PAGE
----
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Data security: 5 digital hygiene protocols to implement now

It’s all about keeping your information secure.

July 26, 2019

Data security: 5 digital hygiene protocols to implement now
The average total cost of a data breach in the U.S. is $7.91 million.
Surprisingly, a substantial portion of breaches can be prevented by educating employees on good digital hygiene.
We discuss the top digital hygiene practices that you can implement now with senior director of business sales at D-Link, Matt Vaillancourt
powered by Sounder

Let’s take a closer look at Matt’s podcast talking points

Strong password policies
This simple security practice is one of the most underused.
“The reality of it is that everyone is an access point to gain entry into a system.” —Matt Vailancourt
Execute a strong password policy at your company by… 
Providing a secure password manager. This helps employees keep track of passwords for their accounts instead of creating simple passwords or repeating them. 
Setting a maximum password age policy. Try establishing a maximum amount of time—such as three months—before users are required to create new passwords.
Installing a minimum password length and complexity policy. Be certain that lengthy and complex passwords are being used on all accounts.

Identify what phishing looks like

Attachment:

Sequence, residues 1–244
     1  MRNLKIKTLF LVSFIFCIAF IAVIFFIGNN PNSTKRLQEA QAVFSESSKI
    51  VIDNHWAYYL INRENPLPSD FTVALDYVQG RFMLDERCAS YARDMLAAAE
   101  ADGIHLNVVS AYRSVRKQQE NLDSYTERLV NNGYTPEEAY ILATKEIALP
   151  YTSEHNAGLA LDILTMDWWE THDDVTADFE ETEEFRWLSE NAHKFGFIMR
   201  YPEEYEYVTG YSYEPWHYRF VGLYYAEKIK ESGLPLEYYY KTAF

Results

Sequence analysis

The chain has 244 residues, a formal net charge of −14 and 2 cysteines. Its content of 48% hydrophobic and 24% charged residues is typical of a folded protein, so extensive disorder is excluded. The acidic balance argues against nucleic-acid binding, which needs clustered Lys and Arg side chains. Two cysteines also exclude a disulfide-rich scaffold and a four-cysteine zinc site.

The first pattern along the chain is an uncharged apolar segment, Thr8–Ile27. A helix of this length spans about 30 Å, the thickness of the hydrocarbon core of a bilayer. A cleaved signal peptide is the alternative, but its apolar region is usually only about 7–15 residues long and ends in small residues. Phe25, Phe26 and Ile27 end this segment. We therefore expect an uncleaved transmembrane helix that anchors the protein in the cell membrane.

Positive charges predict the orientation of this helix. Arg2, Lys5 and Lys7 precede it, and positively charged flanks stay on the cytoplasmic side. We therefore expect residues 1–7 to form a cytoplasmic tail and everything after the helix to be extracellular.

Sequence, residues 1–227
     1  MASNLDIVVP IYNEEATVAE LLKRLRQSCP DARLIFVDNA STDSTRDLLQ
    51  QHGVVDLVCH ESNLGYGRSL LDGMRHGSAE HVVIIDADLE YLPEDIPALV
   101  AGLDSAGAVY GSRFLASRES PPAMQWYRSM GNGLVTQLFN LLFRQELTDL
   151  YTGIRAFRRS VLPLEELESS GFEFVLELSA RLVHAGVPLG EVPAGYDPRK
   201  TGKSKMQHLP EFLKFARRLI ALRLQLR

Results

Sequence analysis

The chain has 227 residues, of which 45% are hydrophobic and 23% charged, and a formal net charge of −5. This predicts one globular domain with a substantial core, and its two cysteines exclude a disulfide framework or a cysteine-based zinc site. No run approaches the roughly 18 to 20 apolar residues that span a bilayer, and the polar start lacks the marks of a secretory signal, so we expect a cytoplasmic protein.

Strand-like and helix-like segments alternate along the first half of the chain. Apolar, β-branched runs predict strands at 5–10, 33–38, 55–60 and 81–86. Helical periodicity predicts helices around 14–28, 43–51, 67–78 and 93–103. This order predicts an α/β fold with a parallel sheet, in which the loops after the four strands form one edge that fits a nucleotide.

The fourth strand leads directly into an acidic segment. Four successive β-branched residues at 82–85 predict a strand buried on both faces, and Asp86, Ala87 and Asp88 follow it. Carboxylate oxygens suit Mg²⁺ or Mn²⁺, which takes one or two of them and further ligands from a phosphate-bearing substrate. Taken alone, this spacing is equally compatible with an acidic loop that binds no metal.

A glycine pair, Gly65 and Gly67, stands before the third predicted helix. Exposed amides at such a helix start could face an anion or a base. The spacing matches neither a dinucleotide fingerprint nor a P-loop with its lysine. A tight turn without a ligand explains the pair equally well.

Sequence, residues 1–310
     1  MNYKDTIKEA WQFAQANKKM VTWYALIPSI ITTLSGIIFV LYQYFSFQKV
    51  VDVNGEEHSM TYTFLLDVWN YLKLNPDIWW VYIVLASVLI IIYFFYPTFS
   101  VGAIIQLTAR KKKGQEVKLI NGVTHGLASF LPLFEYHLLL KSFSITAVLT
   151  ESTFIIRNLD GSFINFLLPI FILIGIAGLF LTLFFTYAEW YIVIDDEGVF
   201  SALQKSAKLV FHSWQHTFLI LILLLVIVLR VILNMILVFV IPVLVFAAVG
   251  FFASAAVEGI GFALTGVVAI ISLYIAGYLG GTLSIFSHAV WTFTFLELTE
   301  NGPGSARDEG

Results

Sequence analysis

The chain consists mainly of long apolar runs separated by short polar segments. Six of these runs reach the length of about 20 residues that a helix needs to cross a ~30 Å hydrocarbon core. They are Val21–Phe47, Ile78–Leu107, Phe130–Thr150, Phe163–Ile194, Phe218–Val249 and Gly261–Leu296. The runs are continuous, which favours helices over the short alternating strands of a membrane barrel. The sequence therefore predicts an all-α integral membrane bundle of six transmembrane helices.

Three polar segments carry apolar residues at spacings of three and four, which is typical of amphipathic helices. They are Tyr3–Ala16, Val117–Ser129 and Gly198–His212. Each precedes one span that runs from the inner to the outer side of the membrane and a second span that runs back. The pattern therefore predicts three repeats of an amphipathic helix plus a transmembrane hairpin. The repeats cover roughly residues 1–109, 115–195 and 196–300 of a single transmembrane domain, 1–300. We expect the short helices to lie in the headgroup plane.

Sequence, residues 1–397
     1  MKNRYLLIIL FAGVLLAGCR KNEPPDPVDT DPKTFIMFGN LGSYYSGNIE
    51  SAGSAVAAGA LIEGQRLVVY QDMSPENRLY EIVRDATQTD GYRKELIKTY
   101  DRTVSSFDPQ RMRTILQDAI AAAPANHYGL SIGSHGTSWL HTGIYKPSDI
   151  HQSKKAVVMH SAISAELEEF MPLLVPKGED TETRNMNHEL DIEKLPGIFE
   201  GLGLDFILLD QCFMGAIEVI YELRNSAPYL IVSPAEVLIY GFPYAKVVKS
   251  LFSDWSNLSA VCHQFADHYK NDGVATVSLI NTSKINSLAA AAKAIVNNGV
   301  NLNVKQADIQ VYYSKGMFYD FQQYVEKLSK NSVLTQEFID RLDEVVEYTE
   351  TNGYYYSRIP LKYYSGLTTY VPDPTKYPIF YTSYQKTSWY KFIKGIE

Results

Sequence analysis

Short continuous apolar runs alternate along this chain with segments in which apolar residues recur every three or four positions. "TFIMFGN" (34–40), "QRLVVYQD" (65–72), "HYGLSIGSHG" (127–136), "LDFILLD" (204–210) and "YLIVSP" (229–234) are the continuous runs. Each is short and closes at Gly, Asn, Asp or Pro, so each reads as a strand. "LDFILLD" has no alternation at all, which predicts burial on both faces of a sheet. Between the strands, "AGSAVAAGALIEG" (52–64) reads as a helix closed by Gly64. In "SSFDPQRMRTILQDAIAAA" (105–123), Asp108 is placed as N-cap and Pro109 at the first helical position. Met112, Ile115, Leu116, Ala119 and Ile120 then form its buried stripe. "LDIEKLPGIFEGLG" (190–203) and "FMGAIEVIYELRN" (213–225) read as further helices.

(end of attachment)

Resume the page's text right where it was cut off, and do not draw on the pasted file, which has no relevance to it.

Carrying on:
Common types of phishing attacks include:

  • The government poser
    This type of attack makes the message look like a federal institution is requesting your information.
  • The billing issue
    This type of attack can look really legitimate. The message typically claims there was an issue with a recent order and leads you to provide credit card or account information.
  • The contest winner
    These types of attacks claim that you’ve won something and ask for private information to send you the prize.
“All of us as everyday consumers are impacted by these decisions that we make with our online hygiene. —Matt Vaillancourt

Identify social engineering attacks
Phishing falls under a social engineering attack, as do malicious phone calls and face-to-face encounters.
Social engineering attacks work to collect little pieces of information about the victim. Seemingly trivial pieces of information can turn volatile when combined with other online data points.
“You can see how the painting becomes very bright when you start piling in all these data points.” —Matt Vaillancourt

Review social media privacy settings
One way to better control your digital data exhaust is to update your social media privacy settings.
Every platform you use should have privacy settings enabling you to only share posts with people of your choosing. This way, it’s harder for bad actors to collect your personal information.

Find the best cloud storage method
The three types of cloud storage enterprises can choose from:

  1. Public
    Public cloud storage providers, like AWS, provide the most cost-effective and convenient type of storage. Your information is stored on their servers, making it less secure than if it were on your own infrastructure.
  2. Private
    Private cloud storage implies that you’re storing information on your own servers. This isn’t the most convenient or cost-effective type of storage, but it is the most secure.
  3. Hybrid
    Hybrid cloud storage is a combination of public and private.
Take digital hygiene seriously
By adhering to Matt’s digital security tips, your company can avoid a costly data breach. Anybody can be an entry point into a larger source of information.
Follow Matt on LinkedIn.
For more information on D-Link go to D-Link.com or contact Ingram Micro’s Ashley Ruggiero.